Cell service is crucial

Now that the dust has settled from the Ashland City Council's debate over placement of an AT&T cell phone transmission "tower," the council has an opportunity to take on the much larger and as yet unaddressed issue: the city's responsibility to ensure that cell phone users throughout the city can access consistent and adequate service.

Twenty years ago, cell phones were a novelty. Unless we had money to burn, or some really unusual communication issue, we all relied on the same old landline we'd had for years. But times have changed, and dramatically. Try to identify a single individual under the age of 30 who uses a land line. Unless that 20-something still lives with mom and pop, his world is only about cell phones.

And as those of us well past our 20's can attest, it's not just the young people who have become cell-centric. I talk to my parents (in their eighties) and my children (in their twenties) via cell phone. Cell phones are integral to my workplace, used by staff members who travel about the community. Ask any innkeeper in town, and you will hear that a growing percentage of visitors use cell phones to locate services and make reservations — quite often while traveling up I-5. And if you still question the essential nature of these devices, try finding a payphone anywhere in town.

Every day I hear from friends and colleagues announcing that they are disconnecting their land lines. When every member of the family has a cell phone, and the only calls that come in on the landline are political or commercial in nature, that line quickly becomes a monthly expense we can live without. AT&T didn't come to town to impose evil corporate values on all of us; rather, they came because we essentially invited them, since half of us (and all our kids) own iPhones.

The anecdotal evidence supports the obvious and overriding conclusion: Cell telephones are fundamental to our business and personal lives and an essential part of the city's communication infrastructure. A city that is responsive to the needs of its residents should be looking at the actions we need to take to ensure that comprehensive service is available to residents, businesses, and visitors. A failure to act is a repudiation of our responsibilities.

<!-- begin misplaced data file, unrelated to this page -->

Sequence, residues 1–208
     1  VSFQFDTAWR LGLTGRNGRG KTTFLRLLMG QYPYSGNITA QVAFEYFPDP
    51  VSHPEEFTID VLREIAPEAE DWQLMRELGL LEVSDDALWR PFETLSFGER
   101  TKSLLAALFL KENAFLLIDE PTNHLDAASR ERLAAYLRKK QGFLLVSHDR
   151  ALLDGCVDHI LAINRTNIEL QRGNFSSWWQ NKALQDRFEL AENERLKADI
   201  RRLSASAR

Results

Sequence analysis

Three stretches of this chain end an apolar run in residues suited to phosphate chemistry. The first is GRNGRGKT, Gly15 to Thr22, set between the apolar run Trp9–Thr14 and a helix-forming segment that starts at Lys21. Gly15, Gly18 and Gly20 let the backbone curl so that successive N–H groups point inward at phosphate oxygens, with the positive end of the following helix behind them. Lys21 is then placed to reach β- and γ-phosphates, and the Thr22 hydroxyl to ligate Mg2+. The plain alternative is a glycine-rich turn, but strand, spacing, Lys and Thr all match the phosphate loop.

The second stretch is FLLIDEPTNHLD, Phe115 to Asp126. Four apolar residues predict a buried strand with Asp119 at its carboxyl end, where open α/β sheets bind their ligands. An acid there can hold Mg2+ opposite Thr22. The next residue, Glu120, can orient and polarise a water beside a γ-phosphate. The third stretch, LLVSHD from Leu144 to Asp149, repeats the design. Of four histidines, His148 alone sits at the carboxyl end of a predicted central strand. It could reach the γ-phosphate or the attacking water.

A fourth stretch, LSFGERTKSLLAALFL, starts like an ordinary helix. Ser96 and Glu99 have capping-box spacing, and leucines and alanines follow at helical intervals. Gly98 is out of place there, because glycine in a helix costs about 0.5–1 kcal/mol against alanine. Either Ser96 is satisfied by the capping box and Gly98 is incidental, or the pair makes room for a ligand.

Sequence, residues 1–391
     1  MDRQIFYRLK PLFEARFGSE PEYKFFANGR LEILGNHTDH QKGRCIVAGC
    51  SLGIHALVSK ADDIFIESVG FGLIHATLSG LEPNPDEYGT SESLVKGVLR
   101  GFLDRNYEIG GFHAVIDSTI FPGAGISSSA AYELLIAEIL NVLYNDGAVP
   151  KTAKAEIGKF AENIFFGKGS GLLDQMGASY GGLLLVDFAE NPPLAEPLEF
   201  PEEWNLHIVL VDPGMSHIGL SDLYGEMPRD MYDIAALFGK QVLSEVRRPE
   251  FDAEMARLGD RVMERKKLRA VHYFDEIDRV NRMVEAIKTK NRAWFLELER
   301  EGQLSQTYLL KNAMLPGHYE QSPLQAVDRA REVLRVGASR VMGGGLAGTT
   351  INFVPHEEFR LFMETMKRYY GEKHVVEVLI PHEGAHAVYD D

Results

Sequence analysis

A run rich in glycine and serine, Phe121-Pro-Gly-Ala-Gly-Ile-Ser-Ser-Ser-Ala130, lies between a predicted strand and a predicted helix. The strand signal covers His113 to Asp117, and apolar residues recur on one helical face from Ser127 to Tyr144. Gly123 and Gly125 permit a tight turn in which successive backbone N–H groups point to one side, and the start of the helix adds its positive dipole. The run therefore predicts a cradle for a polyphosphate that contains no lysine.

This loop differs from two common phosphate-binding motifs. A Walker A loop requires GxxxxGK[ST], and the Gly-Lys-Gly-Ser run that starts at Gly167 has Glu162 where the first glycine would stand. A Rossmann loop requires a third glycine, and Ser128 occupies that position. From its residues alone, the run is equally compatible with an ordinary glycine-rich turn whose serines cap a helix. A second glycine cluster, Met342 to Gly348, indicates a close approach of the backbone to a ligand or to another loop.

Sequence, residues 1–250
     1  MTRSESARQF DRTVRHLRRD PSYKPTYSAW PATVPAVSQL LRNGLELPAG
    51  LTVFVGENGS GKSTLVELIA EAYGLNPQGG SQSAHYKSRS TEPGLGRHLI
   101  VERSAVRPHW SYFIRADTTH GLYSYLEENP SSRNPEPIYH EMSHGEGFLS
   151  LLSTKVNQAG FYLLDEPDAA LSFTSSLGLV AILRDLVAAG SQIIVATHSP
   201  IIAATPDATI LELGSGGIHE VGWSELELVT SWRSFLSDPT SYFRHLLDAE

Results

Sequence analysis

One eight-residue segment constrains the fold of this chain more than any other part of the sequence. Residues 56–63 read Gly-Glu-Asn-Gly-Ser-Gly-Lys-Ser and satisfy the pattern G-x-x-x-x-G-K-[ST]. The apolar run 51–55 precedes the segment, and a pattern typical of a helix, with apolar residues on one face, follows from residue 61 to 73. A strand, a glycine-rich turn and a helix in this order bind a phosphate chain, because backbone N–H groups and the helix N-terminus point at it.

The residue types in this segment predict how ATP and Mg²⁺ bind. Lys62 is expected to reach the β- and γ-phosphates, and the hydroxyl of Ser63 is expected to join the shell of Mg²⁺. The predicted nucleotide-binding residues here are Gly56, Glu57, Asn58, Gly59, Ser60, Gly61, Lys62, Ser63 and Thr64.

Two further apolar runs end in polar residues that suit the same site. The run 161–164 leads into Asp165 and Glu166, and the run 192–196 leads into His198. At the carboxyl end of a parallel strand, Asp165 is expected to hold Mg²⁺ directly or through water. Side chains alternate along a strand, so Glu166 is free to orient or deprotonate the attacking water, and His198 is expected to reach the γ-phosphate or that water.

What happens, for example, if a resident living on Peachey Street tries to call for emergency assistance and his cell phone fails to connect? We know (because this testimony was submitted during the public hearing) that AT&T service is skimpy or missing in that part of town. Since we have now turned down a transmission facility that would have served that resident, are we legally liable in case of emergency? If not legally, are we morally liable?

Finally, a quick word about alleged health impacts.

It's true that we don't have the final word on possible impacts of cell phone usage, and we probably won't for years to come. In the same way, we don't know the impacts that may occur from sitting in front of a computer screen for hours every day.

But if there are negative impacts from cell phone usage, they are most certainly focused on the use of that phone itself, not from the transmission facility. The potential risks come from the fact that that phone rides in your back pocket or on your belt, nesting at your ear right up against your brain for hours every day. But not a single person who testified against AT&T at the Planning Commission offered to give up his/her cell phone if we turned down the application.

Let's face it — we've drunk the cell phone Kool-Aid and there's no going back. Meantime, at least one Ashland council member is advocating that we wordsmith the city ordinance regulating transmission facilities to make the standards for location more rigorous. Doing so would be a waste of time. Instead, let's take a 21st-century approach and begin to talk about what the city's role might be in the regulation and provision of new communications technology. That would be real leadership.

Pam Marsh lives in Ashland.

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